Clearance Monitoring must be carried out by a UKAS accredited company after licensable removal, and it involves four separate stages:

  • Stage 1 – A preliminary check of the condition of the site and the standard the job has been completed to
  • Stage 2 – A detailed visual inspection inside the enclosure where work is taking place
  • Stage 3 – The air monitoring itself
  • Stage 4 – A final assessment post-enclosure, once the working area has been dismantled

The area is only safe for people to enter once all four stages are completed.

We usually use Phase Contrast Microscopy or PCM to test the air for asbestos. Now and again we use Scanning Electron Microscopy – SEM – or even Transmission Electron Microscopy, TEM. If we need to use either of them we’ll discuss things with you first.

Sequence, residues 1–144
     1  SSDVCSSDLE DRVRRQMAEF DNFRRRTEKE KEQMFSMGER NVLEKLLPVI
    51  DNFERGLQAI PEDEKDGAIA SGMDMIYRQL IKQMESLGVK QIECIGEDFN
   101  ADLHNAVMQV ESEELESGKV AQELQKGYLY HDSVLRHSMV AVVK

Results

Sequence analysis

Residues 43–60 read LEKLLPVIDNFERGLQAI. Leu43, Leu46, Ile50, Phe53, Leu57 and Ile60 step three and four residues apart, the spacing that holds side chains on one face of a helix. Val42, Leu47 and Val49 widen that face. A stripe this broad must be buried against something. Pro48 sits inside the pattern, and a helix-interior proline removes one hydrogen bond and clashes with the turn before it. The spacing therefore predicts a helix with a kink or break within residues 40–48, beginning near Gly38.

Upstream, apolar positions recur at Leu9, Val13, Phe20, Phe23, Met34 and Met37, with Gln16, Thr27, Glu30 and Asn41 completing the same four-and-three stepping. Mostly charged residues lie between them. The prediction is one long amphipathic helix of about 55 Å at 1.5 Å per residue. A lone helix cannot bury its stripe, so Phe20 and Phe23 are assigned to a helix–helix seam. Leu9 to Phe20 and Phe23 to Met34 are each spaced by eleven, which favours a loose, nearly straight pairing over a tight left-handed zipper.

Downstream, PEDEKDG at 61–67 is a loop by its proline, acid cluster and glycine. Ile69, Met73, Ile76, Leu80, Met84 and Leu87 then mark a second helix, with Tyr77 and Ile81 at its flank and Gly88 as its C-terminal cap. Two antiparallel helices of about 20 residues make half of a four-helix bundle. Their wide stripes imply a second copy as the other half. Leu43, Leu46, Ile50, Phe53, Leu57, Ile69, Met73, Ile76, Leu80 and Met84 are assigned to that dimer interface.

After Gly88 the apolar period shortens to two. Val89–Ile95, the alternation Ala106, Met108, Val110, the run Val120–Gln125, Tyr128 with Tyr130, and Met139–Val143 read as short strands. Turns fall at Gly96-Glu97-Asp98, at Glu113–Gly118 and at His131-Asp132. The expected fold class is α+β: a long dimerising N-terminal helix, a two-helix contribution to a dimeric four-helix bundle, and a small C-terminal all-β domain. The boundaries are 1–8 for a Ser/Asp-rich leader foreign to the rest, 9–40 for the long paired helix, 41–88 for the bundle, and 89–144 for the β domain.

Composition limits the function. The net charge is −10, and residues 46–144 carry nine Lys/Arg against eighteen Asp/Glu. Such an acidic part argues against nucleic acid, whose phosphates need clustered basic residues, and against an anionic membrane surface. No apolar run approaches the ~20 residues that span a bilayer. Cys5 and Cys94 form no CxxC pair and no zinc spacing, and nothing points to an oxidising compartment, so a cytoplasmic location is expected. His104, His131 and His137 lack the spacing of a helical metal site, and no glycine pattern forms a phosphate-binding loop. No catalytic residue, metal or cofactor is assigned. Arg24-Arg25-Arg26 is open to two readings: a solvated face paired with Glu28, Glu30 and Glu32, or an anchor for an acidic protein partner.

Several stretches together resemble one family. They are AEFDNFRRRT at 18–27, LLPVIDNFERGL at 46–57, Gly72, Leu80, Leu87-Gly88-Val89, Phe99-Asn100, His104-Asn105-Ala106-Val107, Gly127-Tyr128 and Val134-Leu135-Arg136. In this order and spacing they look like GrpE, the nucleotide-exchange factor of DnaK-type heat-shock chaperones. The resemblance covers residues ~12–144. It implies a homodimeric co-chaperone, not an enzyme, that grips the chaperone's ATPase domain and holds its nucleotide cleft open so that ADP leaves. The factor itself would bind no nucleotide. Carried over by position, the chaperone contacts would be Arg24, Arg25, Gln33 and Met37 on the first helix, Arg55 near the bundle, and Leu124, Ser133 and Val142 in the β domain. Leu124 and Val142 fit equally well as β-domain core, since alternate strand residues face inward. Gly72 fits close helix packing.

No, there isn’t a safe level. On the other hand some studies show buildings containing asbestos in good condition have an airborne concentration up to 500 fibres per cubic metre. While it isn’t a safe level, it’s safer than the three decade-old original clearance indicator of 0.01 fibres per ml.